The College Football Playoff format is miserably broken. This has been apparent for several years, but this year has served as the most blatant example. The rich have gotten richer, and the poor stay poor. The immense lack of variation and excitement present in the current format is harming the popularity of the sport. In 2019, college football stadium attendance hit a 22 year low. Something must be done to reverse this decline or the sport is in jeopardy of falling off a cliff and programs losing funding.
The most cited issue with the four-team playoff format is the lack of variety. There are four mainstays in this playoff format in Alabama, Ohio State, Oklahoma, and Clemson, and a few alternates in Notre Dame, LSU and Georgia. In the seven years of the playoff and 28 total selections, only four other teams have ever been selected. This year’s selections were… drum roll… Alabama, Clemson, Ohio State, and Notre Dame. The first round consisted of the classic beatdowns seen yearly: seldom are semifinal games competitive. Alabama effortlessly glided over Notre Dame and Ohio State walloped Clemson, only the latter of which was a surprise. In the championship, thoughts that the game would be close were exposed as wishful.
The 2021 College Football Playoff Championship was the purest example of Alabama’s utter domination of the college football world. They coasted to a 52-24 blowout over Ohio State, the team presumed to be their closest match. Although one must appreciate the level of excellence that Alabama exhibits in their play, for the rest of college football, their reign is injurious. The only way to challenge Alabama’s claim to the throne is to expand their field of challengers.
Expanding the playoff to eight teams would be beneficial on several levels. First, teams who are good enough to compete and beat the top 4 but have a less than pristine record would be able to make it. This would especially help in that great teams who compete in difficult conferences like the SEC but are unable to escape their cannibalistic schedule unscathed would no longer be excluded. This year’s Texas A&M and Florida teams were likely better than 2 of the playoff teams but finished with 1 and 3 losses respectively, which proved too many for the playoff selection committee.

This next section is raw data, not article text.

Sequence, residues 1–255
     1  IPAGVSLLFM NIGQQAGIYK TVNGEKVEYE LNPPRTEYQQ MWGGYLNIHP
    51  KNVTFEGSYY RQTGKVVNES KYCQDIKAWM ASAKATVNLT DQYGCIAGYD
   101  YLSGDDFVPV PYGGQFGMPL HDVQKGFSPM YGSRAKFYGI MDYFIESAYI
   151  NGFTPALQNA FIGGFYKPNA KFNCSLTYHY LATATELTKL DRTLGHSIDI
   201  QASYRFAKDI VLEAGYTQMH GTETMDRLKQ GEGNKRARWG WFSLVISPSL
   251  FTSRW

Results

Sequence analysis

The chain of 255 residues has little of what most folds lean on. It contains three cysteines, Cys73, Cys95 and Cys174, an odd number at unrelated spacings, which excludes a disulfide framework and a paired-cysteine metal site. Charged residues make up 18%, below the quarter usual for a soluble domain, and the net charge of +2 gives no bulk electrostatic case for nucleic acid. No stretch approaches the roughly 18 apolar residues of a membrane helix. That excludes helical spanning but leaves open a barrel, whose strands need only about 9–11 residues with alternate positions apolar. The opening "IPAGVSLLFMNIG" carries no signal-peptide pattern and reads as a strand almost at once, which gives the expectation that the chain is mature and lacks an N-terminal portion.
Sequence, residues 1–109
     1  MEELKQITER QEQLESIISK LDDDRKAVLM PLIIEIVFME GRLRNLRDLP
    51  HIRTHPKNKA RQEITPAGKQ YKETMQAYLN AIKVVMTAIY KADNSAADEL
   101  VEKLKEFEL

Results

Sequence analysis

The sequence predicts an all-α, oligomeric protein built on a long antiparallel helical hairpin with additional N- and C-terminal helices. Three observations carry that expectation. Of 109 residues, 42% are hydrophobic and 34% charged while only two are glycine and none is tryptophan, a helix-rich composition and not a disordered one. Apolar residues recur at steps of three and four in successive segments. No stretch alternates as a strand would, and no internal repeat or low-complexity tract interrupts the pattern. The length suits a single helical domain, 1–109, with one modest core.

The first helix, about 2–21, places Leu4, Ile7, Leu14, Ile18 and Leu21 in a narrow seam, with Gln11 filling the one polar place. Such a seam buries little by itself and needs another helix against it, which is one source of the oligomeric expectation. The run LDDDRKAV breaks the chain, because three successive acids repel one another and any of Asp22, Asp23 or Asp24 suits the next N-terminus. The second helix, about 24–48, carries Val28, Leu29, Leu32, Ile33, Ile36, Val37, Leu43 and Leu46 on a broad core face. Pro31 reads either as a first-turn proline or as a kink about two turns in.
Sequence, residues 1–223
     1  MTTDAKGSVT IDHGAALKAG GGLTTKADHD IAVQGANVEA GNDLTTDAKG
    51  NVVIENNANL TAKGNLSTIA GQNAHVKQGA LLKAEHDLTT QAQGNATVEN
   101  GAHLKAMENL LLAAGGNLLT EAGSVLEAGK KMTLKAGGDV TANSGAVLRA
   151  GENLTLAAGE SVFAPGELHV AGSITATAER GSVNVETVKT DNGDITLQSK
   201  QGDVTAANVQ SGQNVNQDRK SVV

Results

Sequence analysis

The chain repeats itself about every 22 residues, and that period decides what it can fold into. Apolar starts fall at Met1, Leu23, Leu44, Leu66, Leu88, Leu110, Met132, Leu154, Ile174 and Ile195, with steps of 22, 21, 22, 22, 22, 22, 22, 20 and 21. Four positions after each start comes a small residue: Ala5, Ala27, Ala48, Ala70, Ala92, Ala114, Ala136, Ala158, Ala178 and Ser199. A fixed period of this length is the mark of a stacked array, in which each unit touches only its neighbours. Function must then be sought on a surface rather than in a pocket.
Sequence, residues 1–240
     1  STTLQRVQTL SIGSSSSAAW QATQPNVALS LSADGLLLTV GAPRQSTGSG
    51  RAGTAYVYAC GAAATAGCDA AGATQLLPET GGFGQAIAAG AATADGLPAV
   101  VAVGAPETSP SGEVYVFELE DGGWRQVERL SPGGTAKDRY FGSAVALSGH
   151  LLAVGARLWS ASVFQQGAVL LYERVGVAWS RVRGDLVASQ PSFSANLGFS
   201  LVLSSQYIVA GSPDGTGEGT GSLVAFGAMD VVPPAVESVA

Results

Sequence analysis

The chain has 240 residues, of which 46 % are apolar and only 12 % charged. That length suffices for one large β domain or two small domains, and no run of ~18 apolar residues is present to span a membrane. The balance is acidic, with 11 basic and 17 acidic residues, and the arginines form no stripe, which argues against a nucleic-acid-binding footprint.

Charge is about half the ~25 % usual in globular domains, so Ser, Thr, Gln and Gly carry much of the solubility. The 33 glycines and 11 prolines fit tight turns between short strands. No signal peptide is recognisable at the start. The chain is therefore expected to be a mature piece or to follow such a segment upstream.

Second, teams who do not compete in a top conference but win each of their games in an impressive fashion would be included. There have been 2 examples of these teams who finished the regular season undefeated but were left out due to their strength of schedule: UCF in 2017 and Cincinnati this year. Both compete in the American conference, which, although not considered one of the “Power Five,” is certainly tough and has its share of top 25 teams. In their bowl games, UCF beat SEC powerhouse Auburn and Cincinnati narrowly lost to fellow SEC juggernaut Georgia at the last second. Even if teams like 2017 UCF and Cincinnati were unable to win games in an expanded playoff, it would add a dimension to the sport similar to “Cinderella” teams in the NCAA basketball tournament.
Third, expanding the playoff would raise the amount of teams able to recruit on the level of the top programs. The four-team playoff has made it so that teams not named Clemson, Alabama, Ohio State, and Oklahoma are comparatively irrelevant in the national scene. This results in a grossly disproportionate amount of top recruits attending these schools. By expanding the playoff, twice the number of programs would be able to market themselves as playoff teams to recruits, spreading the wealth more evenly. Although Alabama coach Nick Saban has played a large role in their success over the years, he does not actually take the field for the team. Instead, Alabama had three of the top 5 finishers in the Heisman voting on the field. It is the players that truly dictate a team’s success, and with this level of imbalance in talent, the performance of teams will follow suit. Anything the NCAA can do to promote the spreading of top recruits will be beneficial to college football.